Video Games as Art
For a lot of people who don’t play video games, it’s easy to look at them and think “what’s so great about this? All they’re doing is killing each other over and over again.” When you see Scorpion decapitate Sub-Zero in Mortal Kombat, you probably aren’t thinking ‘this is really artistic’. On the opposite side, parents see games like Super Mario and the Legend of Zelda and think of them as little more than Saturday morning cartoons. And when was the last time you saw Spongebob in an art museum? But in the time I’ve spent with Video Games, it has become clear to me that this is a rich community of concept artists, designers and writers that create enduring works of art that consumers can actually be a part of. I bring this up for two reasons. The first is because government committees have, in the past, determined that video games do not qualify as art. Why they voted on this, and how they feel about it now, I have no idea, but clearly they weren’t judging the right games. The second reason is because graphics have reached a plateau in recent years. That’s not to say that games won’t continue to get more detailed, but it does mean that the public’s ability to differentiate between one game that is super detailed and one that is moderately detailed, is considerably less than in previous years. So in an age where ‘realistic’ games are all starting to look the same, the true artistic nature of video games will be tested. Below I’ve outlined a list of games I’ve played that I believe accurately represent the heights of gaming art. I will also have an honorable mentions category for games that are beautiful, but didn’t make the cut for whatever reason (or if I never played/finished them).
Please note that this list is not comprehensive, nor is it in any particular order. These are the games that I have personally played and consider to be artistically outstanding. In addition to the honorable mentions section, I encourage everyone to mention their favorite artistic game in the comments section.
World of Warcraft:
There’s a good chance you’re familiar with this game as it had, at one time, over 12 million players. While the general view of this game tends to be negative because of neglected wives and crippling addiction, anyone who has played the game can tell you how memorable and breathtaking some of the environments can be. From the starting areas that will leave you homesick just after hitting level 20, to the end game expansion areas that take you to alien worlds, a glacier filled with undead and under the ocean. Blizzard never ceases to amaze me with what they think of next, and the amazing thing is how well they’ve blended all of these different styles together. With a unique ‘cartoonish’ style, they’ve managed to keep the game relevant long after its expiration date. Not only that, but the new content always seems to fit perfectly with what’s already in the game. It’s as if this stuff has always been there and you just had yet to discover it.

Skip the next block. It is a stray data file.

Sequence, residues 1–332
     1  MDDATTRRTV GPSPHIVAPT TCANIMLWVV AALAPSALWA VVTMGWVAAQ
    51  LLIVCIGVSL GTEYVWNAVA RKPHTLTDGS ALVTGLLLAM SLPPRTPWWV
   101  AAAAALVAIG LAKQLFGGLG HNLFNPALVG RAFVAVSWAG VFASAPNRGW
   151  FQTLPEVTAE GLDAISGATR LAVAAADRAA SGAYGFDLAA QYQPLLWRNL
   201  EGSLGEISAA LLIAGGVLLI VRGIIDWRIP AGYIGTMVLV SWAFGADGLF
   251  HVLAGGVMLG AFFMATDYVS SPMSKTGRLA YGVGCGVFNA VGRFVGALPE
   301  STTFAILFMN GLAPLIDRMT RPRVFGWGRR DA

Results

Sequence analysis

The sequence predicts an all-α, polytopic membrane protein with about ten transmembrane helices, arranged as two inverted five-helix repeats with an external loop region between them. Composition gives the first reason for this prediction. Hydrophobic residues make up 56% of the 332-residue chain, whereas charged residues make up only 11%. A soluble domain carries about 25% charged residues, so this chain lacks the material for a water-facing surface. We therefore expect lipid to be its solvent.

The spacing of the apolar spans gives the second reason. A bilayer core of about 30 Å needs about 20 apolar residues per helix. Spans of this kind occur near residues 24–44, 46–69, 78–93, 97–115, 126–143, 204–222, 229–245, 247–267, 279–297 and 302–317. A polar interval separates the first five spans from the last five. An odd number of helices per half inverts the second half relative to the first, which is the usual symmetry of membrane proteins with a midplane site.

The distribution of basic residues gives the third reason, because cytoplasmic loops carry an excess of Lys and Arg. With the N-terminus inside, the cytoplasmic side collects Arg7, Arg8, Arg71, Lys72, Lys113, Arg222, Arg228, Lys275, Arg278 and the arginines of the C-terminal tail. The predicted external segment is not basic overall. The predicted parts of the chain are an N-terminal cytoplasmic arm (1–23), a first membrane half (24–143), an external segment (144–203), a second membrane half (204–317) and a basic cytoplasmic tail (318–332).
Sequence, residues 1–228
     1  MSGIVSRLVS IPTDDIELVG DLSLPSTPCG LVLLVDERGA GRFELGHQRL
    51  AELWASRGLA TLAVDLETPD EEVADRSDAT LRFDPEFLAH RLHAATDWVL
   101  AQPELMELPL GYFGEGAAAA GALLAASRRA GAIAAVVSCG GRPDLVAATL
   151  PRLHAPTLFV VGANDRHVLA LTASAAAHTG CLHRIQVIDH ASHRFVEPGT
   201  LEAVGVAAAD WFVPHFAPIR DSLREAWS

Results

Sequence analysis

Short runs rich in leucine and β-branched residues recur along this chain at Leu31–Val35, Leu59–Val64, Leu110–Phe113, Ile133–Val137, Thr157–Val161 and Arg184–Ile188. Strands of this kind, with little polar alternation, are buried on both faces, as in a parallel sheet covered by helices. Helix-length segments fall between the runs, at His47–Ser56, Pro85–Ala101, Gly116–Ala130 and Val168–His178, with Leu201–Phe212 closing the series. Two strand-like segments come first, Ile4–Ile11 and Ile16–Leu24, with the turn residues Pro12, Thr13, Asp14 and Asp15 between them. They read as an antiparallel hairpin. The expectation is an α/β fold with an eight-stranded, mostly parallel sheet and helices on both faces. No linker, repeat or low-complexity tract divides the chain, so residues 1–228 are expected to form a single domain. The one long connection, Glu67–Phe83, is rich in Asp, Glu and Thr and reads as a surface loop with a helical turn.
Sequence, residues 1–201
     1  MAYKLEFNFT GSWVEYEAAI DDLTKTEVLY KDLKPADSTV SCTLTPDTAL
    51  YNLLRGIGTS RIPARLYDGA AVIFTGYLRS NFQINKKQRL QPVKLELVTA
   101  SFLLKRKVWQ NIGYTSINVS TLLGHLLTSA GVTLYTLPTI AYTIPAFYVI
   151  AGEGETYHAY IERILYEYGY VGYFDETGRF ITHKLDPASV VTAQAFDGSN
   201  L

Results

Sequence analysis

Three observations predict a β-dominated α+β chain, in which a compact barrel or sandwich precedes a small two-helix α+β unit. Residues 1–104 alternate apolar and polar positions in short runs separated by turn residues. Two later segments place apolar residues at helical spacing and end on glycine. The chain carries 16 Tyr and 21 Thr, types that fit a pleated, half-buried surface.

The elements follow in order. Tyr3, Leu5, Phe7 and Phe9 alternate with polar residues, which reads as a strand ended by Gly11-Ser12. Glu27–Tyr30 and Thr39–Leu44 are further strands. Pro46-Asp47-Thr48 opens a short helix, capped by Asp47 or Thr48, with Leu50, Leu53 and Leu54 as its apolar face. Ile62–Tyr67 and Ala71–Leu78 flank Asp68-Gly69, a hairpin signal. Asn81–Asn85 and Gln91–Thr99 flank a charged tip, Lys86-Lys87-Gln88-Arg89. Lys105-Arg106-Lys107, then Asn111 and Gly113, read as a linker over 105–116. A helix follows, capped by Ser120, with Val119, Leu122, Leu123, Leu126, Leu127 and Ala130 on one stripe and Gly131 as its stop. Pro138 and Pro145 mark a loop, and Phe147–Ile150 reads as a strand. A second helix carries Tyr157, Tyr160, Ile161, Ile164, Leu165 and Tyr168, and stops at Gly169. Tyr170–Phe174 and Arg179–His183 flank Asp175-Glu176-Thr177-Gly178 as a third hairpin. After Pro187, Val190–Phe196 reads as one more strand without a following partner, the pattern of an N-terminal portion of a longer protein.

Most Notable Artistic Moment: Outland. All of the expansions to WoW are beautiful, but the continent introduced in the Burning Crusade expansion pack was truly the most bizarre. Starting in a war torn hellish landscape, you then have the option to go to a crystal forest or a swamp with mushrooms the size of skyscrapers. After that is a sweeping green plain with floating islands of trees and a mountain range with massive dagger-like rocks that have impaled unlucky dragons. Then, when you reach the end you can choose between a demonically poisoned wasteland or a shattered arcane land, spotted with eco-domes that are attempting to bring life back to the world. Even though it’s old now, Outland is still my personal favorite for Warcraft’s artistic achievements.
The Legend of Zelda: The Wind Waker:
I would argue that all of the Zelda games possess artistic merit, but Wind Waker stands above the rest because the art style was such a point of controversy when it was released. It came on the heels of Ocarina of Time and Majora’s Mask, two games that followed a darker, more mature look for the series. So, imagine the surprise of fans when their favorite hero was suddenly turned into a cartoon with a big head and googly eyes. They weren’t happy. However, the same art style that enraged fans for years, is now the very reason why the game is so memorable and beautiful, even after all this time. The game takes place on a vast ocean where, once you obtain a boat, you can sail from island to island solving puzzles and trying to find your lost sister. The game is more than a living cartoon; every aspect of it, from the story to the music to the sound effects, all create an atmosphere that sets it apart from Zelda games that did not take such a bold leap in art design.
Most Notable Artistic Moment: The final battle. It’s difficult for me to describe this because it basically spoils the whole game. But I’ll provide a few hints as to why it is not only the most beautiful moment of the game, but also the most epic: ticking clock, rain, massive flooding, 1-on-1 sword battle a long time in the making, and the best final blow ever. I still get chills when I think about it.
Super Mario Galaxy: